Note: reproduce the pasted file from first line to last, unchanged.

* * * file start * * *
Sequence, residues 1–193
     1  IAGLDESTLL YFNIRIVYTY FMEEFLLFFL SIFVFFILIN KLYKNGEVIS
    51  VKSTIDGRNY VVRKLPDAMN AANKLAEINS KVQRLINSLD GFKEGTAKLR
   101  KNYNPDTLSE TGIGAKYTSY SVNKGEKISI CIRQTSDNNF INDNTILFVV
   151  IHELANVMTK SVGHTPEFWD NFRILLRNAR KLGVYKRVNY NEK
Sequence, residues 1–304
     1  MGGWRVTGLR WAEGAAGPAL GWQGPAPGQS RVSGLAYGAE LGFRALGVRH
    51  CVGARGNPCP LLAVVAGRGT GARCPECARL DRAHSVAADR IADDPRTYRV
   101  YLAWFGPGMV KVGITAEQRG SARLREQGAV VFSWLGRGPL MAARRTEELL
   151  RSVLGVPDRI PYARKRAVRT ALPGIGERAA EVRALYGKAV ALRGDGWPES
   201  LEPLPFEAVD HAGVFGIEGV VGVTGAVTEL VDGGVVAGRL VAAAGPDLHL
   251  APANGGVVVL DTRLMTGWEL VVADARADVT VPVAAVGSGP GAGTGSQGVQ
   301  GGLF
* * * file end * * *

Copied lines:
Sequence, residues 1–193
     1  IAGLDESTLL YFNIRIVYTY FMEEFLLFFL SIFVFFILIN KLYKNGEVIS
    51  VKSTIDGRNY VVRKLPDAMN AANKLAEINS KVQRLINSLD GFKEGTAKLR
   101  KNYNPDTLSE TGIGAKYTSY SVNKGEKISI CIRQTSDNNF INDNTILFVV
   151  IHELANVMTK SVGHTPEFWD NFRILLRNAR KLGVYKRVNY NEK
Sequence, residues 1–304
     1  MGGWRVTGLR WAEGAAGPAL GWQGPAPGQS RVSGLAYGAE LGFRALGVRH
    51  CVGARGNPCP LLAVVAGRGT GARCPECARL DRAHSVAADR IADDPRTYRV
   101  YLAWFGPGMV KVGITAEQRG SARLREQGAV VFSWLGRGPL MAARRTEELL
   151  RSVLGVPDRI PYARKRAVRT ALPGIGERAA EVRALYGKAV ALRGDGWPES
   201  LEPLPFEAVD HAGVFGIEGV VGVTGAVTEL VDGGVVAGRL VAAAGPDLHL
   251  APANGGVVVL DTRLMTGWEL VVADARADVT VPVAAVGSGP GAGTGSQGVQ
   301  GGLF